Can we heal our pandemic trauma with kink?
Hard yes. Here's why.
“I use kink as my hope for the future,” says Jade Sky, a 25-year-old living in New York. Between a cross-country move, changing jobs, and tenuous survival, the pandemic hit Sky hard — and kept hitting — as the exhaustion of isolation dragged on. A self-described “passionate sadist and curious masochist,” Sky turned inward during the pandemic and took what they call a Sadist’s Sabbatical of deep study, solo BDSM workshopping, and kinky research. For Sky, kink became an anchor in a time of deep uncertainty.
In her new docu-series, sex educator and film director Madison Young puts Sky’s personal theory to the test: Can kink really heal our pandemic trauma?
The resounding answer? Absolutely.
Young released her new docu-series, Submission Possible in June of 2020. The pilot, shot nine months prior, aired just as the pandemic started in the U.S., halting production for the rest of the season. After consulting with COVID compliance officers, changing travel plans to stick to the West Coast, cutting back to a three-person skeleton crew and getting vaccinated in April 2021, Young felt safe enough to resume Submission Possible. Amid extra precautions, “there was just this extra tender desire to share our stories and connect after all the isolation we were coming out of,” Young says.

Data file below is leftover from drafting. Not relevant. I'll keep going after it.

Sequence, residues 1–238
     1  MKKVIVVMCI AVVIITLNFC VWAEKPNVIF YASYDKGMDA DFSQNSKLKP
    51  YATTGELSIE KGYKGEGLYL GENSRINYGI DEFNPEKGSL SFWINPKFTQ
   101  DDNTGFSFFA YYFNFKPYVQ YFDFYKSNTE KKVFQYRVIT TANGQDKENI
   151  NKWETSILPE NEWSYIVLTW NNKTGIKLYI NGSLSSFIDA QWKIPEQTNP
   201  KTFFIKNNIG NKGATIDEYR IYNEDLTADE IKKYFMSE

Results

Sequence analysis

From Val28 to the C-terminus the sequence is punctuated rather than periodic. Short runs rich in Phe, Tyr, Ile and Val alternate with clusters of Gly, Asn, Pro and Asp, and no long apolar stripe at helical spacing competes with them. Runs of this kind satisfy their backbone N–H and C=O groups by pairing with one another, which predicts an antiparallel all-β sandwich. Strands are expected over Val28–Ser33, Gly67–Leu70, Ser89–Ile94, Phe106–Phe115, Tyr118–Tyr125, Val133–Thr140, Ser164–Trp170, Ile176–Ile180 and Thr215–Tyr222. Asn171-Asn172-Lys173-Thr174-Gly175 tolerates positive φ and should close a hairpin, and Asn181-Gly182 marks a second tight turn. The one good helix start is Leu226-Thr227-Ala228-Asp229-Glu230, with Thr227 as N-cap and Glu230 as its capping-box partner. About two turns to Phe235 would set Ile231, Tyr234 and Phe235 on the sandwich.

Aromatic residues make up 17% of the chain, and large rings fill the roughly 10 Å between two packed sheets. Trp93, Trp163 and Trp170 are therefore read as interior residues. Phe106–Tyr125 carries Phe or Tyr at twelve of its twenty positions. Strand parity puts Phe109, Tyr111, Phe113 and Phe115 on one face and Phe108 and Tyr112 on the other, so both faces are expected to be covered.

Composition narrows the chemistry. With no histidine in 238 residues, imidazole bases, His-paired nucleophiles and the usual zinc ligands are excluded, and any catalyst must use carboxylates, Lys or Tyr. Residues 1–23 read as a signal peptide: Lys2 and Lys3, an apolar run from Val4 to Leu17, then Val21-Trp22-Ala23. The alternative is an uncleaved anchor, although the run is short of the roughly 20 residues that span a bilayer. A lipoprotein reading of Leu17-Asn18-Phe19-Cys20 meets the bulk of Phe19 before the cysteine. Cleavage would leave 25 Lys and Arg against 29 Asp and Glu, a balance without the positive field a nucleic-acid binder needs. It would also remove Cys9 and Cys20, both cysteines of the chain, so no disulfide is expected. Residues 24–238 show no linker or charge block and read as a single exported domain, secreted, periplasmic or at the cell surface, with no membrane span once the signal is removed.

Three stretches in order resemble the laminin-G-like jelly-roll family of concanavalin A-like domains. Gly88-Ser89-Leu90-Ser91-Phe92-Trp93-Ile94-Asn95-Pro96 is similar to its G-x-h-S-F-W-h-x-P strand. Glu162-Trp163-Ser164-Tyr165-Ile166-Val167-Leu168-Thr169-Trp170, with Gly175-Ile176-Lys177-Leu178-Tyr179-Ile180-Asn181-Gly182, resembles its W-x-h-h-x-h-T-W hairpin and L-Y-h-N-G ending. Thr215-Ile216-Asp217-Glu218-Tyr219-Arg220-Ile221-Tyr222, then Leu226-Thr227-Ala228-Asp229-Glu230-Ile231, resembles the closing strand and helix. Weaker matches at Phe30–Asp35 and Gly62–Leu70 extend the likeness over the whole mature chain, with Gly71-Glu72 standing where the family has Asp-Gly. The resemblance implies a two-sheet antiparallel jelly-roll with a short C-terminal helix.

There’s a marked difference in the show’s tone after the pandemic sets in. Young, wearing a vulva-patterned COVID face mask, talks to passers-by on the streets of Seattle. Watching people open up about deeply personal, intimate subjects like safety and sex, while still masked, is a bit of a mindfuck. It feels normal to not see people’s faces anymore.
Submission Possible doesn’t shy away from challenging subjects — the pandemic is front and center, and so is systemic racism, social unrest, and hierarchy internal to queer and sex positive communities. For Sky, Submission Possible is so exciting because of its complexity — and refusal to play into the toxic BDSM stereotypes they see in shows like Netflix's Bonding. “I am so excited to see a show like this coming out. I’ve been looking for something that covers lots of ground, brings in voices that deserve to be heard, and really represents kinks and the people that practice them.”
As the show evolved, Young realized that the complex, messy stories she was exploring were offering more than just a pulse on the landscape of sex positivity. These stories could be used more widely to heal pandemic trauma. Kink itself is a sort of travel, an uneven roadmap full of not just precautions, ethics, and responsibility, but also joy and care.
Kink is a term that describes a variety of erotic practices, the most common of which fall under the BDSM (bondage-discipline, dominance-submission, and sadism-masochism) umbrella. Kink, like queerness, is often resistant to any one, stable definition. But at its core, kink is consensual, erotic behavior that engages power in some way.
Kink, as a practice, has deep ties to LGBTQ+ communities, and like homosexuality, was pathologized as “sexual deviancy” in the DSM (the primary clinical manual of mental illness diagnoses). But kink’s capacity for healing has long been noted by not just community members and practitioners, but also by scholars and researchers. One 2013 study found that BDSM practitioners “were less neurotic, more extraverted, more open to new experiences, more conscientious, less rejection sensitive, [and] had higher subjective well-being” than the control group. Other practitioners use kink to process self harm, abuse, or sexual assault. Unlike traumatizing experiences where people aren’t able to control what happens to their bodies and mind, kink is all about creating a space where choice matters.